This article reviews four pieces of research which focus on conversation and illness. Each is published in a special theme issue of the journal, Communication & Medicine. The review is organized to demonstrate several general points: That communication practice is finely and systematically structured; that structures in communication serve to identify people as members of some social categories rather than others; that movement among these categories is immanent in shifts of communication practices and structures; that relations among people are negotiated through such structuring and shifting of communication resources; and that these patterns of practice are active in socially occasioned, and culturally distinctive ways, from clinical scenes of interaction to the scenes of routine everyday life.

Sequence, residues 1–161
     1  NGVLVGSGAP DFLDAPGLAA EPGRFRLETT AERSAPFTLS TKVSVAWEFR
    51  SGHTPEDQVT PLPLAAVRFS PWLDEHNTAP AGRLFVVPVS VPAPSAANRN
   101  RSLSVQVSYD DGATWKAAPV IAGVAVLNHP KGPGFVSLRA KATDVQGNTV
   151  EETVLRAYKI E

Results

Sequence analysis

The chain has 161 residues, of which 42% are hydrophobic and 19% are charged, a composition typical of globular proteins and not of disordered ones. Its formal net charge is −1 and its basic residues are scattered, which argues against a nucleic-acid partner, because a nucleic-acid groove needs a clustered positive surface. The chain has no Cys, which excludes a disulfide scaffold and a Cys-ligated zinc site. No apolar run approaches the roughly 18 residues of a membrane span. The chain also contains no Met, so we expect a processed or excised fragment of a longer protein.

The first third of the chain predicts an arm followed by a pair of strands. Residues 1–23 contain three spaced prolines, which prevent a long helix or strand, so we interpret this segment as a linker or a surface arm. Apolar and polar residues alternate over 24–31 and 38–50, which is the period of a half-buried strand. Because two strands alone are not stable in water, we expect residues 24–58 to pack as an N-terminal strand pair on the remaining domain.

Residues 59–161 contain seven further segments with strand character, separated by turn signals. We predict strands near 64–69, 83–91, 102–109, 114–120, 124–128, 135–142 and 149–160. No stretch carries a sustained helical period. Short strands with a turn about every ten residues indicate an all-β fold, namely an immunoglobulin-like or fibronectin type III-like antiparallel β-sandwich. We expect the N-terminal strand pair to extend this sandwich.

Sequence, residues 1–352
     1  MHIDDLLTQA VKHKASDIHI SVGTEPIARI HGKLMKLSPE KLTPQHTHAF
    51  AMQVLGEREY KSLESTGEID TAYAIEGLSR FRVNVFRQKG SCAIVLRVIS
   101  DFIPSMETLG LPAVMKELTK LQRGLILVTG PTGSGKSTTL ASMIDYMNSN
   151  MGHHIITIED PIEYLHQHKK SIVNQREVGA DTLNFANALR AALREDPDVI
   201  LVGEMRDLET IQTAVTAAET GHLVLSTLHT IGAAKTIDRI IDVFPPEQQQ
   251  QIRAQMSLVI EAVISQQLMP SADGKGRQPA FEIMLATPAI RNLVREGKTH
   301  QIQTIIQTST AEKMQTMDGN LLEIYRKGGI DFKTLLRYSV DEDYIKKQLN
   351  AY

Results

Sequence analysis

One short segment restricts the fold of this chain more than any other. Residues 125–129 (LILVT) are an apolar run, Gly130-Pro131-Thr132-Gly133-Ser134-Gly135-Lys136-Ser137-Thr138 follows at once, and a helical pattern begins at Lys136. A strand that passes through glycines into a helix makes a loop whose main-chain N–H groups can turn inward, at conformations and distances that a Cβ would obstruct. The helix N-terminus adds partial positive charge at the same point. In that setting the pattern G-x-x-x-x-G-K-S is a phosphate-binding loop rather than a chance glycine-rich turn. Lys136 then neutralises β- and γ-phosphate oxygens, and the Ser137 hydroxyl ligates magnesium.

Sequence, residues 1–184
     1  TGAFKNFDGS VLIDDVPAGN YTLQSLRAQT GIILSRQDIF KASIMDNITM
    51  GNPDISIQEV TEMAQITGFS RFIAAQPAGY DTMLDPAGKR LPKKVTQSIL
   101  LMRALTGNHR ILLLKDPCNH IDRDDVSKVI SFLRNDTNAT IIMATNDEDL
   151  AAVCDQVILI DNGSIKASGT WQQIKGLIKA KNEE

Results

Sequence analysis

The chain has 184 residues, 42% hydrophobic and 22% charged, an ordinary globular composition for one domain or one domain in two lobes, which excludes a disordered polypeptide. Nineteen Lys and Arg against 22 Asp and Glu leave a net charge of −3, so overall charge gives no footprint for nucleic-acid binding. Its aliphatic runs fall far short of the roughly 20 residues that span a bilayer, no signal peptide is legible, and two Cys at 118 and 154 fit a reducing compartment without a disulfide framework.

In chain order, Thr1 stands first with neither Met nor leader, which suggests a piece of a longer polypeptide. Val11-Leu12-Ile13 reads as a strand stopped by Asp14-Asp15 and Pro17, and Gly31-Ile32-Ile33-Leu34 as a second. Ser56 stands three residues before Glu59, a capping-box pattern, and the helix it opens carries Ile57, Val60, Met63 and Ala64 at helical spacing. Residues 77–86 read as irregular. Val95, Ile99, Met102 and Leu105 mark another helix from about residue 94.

- Social Identity,
Available at: http://works.bepress.com/donal_carbaugh/8/